Much of the U.S. is in the midst of experiencing very cold temperatures right now due to the polar vortex. So, if you want to know how long you can stay outside in extremely cold weather, it’s a logical question to ask for your safety of the safety of those around you. Wrapping up in a heavy coat and hat isn’t always going to cut it.
Three of the major health issues that can occur in very cold weather are hypothermia, frostbite, and heart attack, according to Healthline. The site explains that hypothermia "occurs when your body temperature drops below 95°F (35°C)" and "results from your body losing more heat than it can make." Frostbite is when the skin is damaged from the cold, and can include blisters, white/gray and waxy/hard skin, and, in the most extreme cases, the skin turning black. As for heart attacks, the risk of one increases in extremely cold weather because "your heart works harder to keep you warm — leading to increased heart rate and blood pressure."
According to CBS News, hypothermia can develop in as little as ten minutes in temperatures of -30°F and in as little as five minutes in -50°F, if a person isn’t dressed properly and has any exposed skin, particularly the scalp, hands, and face. CBS also reports that the amount of time it would take for someone to freeze to death depends on the specific conditions, "but death can occur in under an hour if conditions are dangerous enough." According to the National Weather Service, "Hypothermia can occur in temperatures as warm as 60°F, particularly in water or with if [sic] you are outside a long time and not dressed for the weather." The NWS also notes that most people who are killed by hypothermia are seniors, but that it can affect anyone.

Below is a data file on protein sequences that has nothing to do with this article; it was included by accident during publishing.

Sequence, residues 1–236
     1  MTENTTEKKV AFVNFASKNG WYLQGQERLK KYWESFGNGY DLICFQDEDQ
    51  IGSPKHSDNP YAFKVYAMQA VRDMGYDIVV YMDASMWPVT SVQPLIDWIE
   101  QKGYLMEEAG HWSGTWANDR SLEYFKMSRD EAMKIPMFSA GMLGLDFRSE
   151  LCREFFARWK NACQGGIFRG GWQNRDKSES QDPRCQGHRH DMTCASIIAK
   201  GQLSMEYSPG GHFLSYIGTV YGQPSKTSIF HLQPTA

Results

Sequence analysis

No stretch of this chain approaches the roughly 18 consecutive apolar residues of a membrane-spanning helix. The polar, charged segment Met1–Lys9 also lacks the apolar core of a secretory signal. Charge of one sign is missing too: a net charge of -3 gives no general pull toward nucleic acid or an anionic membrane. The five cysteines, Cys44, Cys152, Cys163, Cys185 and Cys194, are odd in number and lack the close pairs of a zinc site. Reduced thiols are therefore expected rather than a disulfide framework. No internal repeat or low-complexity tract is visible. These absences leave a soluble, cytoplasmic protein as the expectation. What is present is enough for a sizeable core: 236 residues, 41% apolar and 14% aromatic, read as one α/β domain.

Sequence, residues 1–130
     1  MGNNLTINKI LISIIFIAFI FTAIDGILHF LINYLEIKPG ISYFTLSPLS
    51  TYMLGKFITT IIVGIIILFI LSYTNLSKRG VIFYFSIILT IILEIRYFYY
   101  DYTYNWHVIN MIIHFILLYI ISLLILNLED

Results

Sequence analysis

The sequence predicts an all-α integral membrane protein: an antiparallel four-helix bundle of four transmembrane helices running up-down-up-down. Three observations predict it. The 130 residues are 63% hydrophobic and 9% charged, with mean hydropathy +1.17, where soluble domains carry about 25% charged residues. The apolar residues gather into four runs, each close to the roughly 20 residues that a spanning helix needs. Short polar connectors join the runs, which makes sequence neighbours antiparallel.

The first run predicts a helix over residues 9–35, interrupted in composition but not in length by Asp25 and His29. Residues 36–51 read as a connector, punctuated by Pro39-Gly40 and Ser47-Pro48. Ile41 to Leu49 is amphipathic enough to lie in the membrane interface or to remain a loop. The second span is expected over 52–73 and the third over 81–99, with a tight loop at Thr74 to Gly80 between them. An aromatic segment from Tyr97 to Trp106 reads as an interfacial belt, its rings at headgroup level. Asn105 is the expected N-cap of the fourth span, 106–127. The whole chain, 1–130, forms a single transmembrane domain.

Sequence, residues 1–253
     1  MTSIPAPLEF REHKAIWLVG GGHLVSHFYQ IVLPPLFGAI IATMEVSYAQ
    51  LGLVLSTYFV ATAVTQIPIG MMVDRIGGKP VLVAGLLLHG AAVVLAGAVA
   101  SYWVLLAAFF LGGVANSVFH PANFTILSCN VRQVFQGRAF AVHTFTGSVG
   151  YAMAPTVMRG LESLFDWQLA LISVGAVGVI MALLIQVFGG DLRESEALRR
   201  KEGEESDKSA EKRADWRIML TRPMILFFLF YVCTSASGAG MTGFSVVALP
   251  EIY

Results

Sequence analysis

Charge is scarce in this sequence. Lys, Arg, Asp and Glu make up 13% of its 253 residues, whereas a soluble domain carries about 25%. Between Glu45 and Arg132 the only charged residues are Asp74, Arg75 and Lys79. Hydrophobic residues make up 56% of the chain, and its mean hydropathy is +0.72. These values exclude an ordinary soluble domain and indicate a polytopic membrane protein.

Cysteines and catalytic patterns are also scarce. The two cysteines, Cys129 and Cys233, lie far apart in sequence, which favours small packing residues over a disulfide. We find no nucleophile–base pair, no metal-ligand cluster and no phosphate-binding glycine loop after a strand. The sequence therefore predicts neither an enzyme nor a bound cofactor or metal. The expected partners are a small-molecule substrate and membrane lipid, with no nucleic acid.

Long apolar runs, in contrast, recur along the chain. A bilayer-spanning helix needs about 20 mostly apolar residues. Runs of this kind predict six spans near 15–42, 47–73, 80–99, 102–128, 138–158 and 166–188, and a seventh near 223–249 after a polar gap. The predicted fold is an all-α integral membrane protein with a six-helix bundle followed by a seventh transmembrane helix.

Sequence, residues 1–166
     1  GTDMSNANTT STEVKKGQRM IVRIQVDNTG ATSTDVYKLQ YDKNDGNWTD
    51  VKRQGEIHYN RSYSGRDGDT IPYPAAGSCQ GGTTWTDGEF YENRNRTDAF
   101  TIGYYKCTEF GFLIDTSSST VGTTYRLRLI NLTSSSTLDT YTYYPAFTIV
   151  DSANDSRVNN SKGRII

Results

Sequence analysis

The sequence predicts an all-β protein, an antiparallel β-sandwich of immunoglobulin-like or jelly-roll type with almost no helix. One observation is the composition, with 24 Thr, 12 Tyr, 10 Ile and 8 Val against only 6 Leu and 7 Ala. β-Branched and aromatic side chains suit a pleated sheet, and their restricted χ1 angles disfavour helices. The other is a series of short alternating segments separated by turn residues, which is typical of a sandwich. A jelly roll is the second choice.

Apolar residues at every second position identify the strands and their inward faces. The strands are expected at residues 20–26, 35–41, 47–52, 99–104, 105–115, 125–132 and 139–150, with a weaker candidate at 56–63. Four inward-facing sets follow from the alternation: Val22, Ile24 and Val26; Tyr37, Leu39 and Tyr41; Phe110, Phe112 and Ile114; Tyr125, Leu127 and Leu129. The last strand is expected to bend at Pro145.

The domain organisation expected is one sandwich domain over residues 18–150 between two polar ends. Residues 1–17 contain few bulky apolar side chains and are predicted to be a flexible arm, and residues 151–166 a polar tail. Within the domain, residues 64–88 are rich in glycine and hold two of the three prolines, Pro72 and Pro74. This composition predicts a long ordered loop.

Yahoo! reports that according to a doctor they spoke to, Robert Segal, M.D., it is best to stay indoors if the temperature is 0°F or lower, or if the windchill is -17°F or lower. Business Insider reported similar numbers: temperature 0°F or lower; windchill is -18°F or lower.
In 2014, Business Insider published a chart from the National Weather Service that shows how quickly frostbite can develop depending on the windchill. For instance, if the temperature is 0°F and the wind speed is 20mph, frostbite can occur in 30 minutes.
It is crucial to stay indoors and/or take other precautions during extremely cold weather. The New York Times reported on Thursday that 21 people had died as a result of this particular polar vortex. This includes people who died in traffic accidents related to the weather, due to hypothermia, and more. CBS Minnesota reported of a 22-year-old who died, seemingly of hypothermia, after he was locked out of his home. According to the report, police say Ali Gombo was dropped off by friends after going out to a bar. "It’s believed the doors and windows were locked and he didn’t have keys to get inside. He apparently tried knocking to see if his sister would let him in," the report continued.
For more information on hypothermia, frostbite, and other cold weather health issues and how to be prepared for cold weather, check out the Centers for Disease Control and Prevention’s winter weather page here. The National Weather Service also has safety information here.
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